In this episode, we look at a behavioral pattern that is key for solving certain types of problems.  These happen to be grammar and translation applications.  Thus, the interpreter pattern gives us a way to do precisely that.  We use this to interpret text into a set of commands.

The Interpreter Pattern Defined

As always, we will start with the “Gang of Four” intent to set the stage for our discussion.

“Given a language, define a representation for its grammar along with an interpreter that uses the representation to interpret sentences in the language.”

This makes complete sense if you understand language grammars.  For the rest of us, let’s break this down a little bit through an example.  We will assume you are reading a text file where each line is a value and either add, update, or delete.  When you process it, you can break it down into a value and a command.  The most simple interpreter would be able to determine which is which for a given line then translate into something the application understands.  This may be a conversion to output or could be a method call and fill out parameters.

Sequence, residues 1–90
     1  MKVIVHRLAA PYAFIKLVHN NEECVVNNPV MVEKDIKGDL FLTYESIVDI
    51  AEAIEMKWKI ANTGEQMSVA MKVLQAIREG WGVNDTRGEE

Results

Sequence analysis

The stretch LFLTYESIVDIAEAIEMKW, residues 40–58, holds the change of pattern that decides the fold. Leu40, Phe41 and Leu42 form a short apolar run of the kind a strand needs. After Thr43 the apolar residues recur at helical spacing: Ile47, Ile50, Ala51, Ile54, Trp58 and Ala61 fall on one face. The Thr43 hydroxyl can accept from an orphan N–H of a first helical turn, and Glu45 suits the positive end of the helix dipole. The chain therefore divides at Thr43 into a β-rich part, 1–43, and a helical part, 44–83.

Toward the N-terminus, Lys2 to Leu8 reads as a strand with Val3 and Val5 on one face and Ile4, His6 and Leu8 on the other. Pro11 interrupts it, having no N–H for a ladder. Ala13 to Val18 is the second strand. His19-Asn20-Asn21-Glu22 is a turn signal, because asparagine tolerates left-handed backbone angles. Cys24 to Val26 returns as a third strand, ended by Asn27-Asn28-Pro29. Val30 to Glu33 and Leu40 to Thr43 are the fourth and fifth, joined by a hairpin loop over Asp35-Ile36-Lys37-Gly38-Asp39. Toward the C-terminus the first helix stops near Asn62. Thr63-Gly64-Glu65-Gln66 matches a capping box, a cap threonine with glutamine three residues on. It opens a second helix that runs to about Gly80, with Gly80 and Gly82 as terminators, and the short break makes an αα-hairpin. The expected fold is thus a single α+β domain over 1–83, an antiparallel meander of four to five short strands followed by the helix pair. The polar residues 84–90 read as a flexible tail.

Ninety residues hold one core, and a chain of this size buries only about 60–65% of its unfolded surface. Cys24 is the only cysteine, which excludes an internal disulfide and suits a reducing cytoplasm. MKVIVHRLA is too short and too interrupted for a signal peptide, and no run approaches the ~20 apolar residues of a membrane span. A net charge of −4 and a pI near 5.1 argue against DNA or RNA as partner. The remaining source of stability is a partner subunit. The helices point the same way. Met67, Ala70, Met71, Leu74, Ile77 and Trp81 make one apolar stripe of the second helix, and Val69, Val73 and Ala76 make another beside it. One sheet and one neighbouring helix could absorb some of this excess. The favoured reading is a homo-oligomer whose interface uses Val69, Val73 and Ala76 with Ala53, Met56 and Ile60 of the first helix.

Applying The Pattern

There are a few different ways to implement this pattern, but they tend to boil down to a set of classes that form the grammar.  The classes may all implement a specific interface (for a translate or calculate method).  However, that is not required, just helpful.  The trick in this pattern is to make sure that the grammar classes are interchangeable enough to support the language.  Think about mathematical expressions as an example.  The interpreter must be able to support literals and operators in any order as well as nested.  The result will always be a tree (ouch flashbacks of diagramming sentences comes to mind).

Java, PHP, C#, etc.

The interpreter pattern is supported in all languages as a class and some use of an interface.  However, some environments provide a dynamic assessment of values and code often referred to as reflection.  When a language supports this feature, then it can allow for far more complex grammars.  On the other hand, those can become difficult to write and debug.  Although this is not one of the more common patterns, it is one that can be critical to a solution, and proper use of this can help advance your career.


Rob Broadhead

Rob is a founder of, and frequent contributor to, Develpreneur. This includes the Building Better Developers podcast. He is also a longtime student of technology as a developer, designer, and manager of software solutions. Rob is a founder and principle of RB Consulting and has managed to author a book about his family experiences.In his free time, he stays busy raising five children (although a few have grown into adults). When he has a chance to breathe, he is on the ice playing hockey to relax.

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